Patient C. In late 2015, a woman in her 30s gave birth to an infant at 39 weeks’ gestation. The infant’s head circumference at birth was 27 cm (<3rd percentile), indicating severe microcephaly (http://www.cdc.gov/growthcharts/who_charts.htm). After delivery, an epidemiologic investigation revealed that the woman had resided in Brazil until 12 weeks’ gestation. She reported that she had experienced fever, rash, arthralgia, and headache at 7–8 weeks’ gestation. Evidence of Zika virus infection in the mother was confirmed by serologic testing. Molecular and pathologic evaluation of the placenta demonstrated Zika virus RNA by RT-PCR and IHC, respectively. The infant exhibited hypertonia, difficulty swallowing, and seizures, and computerized tomography scan demonstrated multiple scattered and periventricular brain calcifications. Funduscopic examination revealed a pale optic nerve and mild macular chorioretinitis. Newborn hearing screening was normal. The infant was discharged from the hospital with a gastrostomy feeding tube.
Patient D. A pregnant woman in her 30s traveled to a Zika-affected area at approximately 15 weeks’ gestation. She reported symptoms of fever, rash, arthralgia, and headache beginning at the end of her travel (at approximately 17–18 weeks’ gestation). Serologic testing confirmed evidence of Zika virus infection. At approximately 40 weeks’ gestation, she delivered a full-term, apparently healthy infant with no reported abnormalities and a head circumference of 34.5 cm. Cranial ultrasound, newborn hearing screen, and ophthalmologic examination of the infant were all normal.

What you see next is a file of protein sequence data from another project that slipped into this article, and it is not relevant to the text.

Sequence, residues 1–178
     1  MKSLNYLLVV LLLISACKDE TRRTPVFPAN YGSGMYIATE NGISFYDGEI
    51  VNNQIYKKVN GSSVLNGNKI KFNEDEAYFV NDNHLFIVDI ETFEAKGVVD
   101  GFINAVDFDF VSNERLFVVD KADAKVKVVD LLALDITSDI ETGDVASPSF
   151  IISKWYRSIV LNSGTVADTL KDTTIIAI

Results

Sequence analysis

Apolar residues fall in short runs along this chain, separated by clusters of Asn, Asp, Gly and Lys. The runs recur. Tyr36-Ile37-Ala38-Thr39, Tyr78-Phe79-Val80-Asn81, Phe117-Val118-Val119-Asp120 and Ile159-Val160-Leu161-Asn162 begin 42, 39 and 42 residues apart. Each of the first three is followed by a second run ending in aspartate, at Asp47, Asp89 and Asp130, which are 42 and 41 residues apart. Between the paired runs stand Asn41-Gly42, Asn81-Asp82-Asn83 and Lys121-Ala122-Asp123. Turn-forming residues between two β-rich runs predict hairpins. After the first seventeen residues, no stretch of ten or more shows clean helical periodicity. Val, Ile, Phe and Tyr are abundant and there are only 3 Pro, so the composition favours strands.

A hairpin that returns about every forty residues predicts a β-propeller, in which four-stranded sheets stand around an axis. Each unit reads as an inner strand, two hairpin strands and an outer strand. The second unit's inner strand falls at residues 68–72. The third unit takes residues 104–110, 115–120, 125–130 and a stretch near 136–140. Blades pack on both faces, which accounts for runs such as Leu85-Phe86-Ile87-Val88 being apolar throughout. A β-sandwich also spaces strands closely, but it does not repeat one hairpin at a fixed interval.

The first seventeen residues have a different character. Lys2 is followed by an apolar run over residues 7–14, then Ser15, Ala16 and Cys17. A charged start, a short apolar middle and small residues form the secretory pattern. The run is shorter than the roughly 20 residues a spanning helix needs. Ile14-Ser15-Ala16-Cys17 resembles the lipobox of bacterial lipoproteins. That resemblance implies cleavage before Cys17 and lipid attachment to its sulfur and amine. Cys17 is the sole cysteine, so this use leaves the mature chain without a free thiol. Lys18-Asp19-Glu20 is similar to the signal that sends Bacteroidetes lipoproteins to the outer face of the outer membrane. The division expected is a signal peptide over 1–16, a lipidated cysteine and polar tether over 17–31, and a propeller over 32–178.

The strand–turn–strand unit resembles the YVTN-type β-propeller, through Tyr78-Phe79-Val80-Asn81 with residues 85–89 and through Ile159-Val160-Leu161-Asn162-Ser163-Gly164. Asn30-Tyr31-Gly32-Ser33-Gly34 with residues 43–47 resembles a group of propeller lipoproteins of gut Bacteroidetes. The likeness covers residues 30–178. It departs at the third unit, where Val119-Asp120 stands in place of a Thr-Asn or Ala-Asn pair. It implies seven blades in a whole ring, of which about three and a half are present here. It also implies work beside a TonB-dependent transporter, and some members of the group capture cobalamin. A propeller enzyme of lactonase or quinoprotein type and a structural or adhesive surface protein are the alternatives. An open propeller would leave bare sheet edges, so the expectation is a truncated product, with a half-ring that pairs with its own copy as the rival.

On January 19, 2016, CDC released interim guidelines recommending that pregnant women who had traveled to areas with ongoing local transmission of Zika virus and who had symptoms consistent with Zika virus disease be tested for Zika virus infection (1). These guidelines were updated and expanded on February 5 to offer Zika virus testing to all pregnant women with Zika virus exposure, regardless of the presence of symptoms (2). Although Zika virus testing can be performed in some state, territorial, and local health departments, most testing before mid-February 2016 was performed at CDC. Based on tests performed at CDC as of February 17, 2016, only a small number of pregnant women who reported clinical illness consistent with Zika virus disease had laboratory evidence of a recent Zika virus infection. The combination of clinical signs and symptoms consistent with suspected Zika virus disease, including fever, rash, conjunctivitis, and arthralgia, is not specific to Zika virus disease; there are other causes of this clinical presentation (7). Among the nine pregnant women with Zika virus infection, all reported a clinical illness, including eight women with ≥2 signs and/or symptoms, and one with a generalized rash. The finding of reported clinical illness among all women who tested positive for Zika virus might be related to the initial testing criteria for pregnant women recommended by CDC, which required the presence of clinical illness consistent with Zika virus disease. Additional testing performed as of February 24, 2016 identified no confirmed cases among 162 pregnant women without reported symptoms.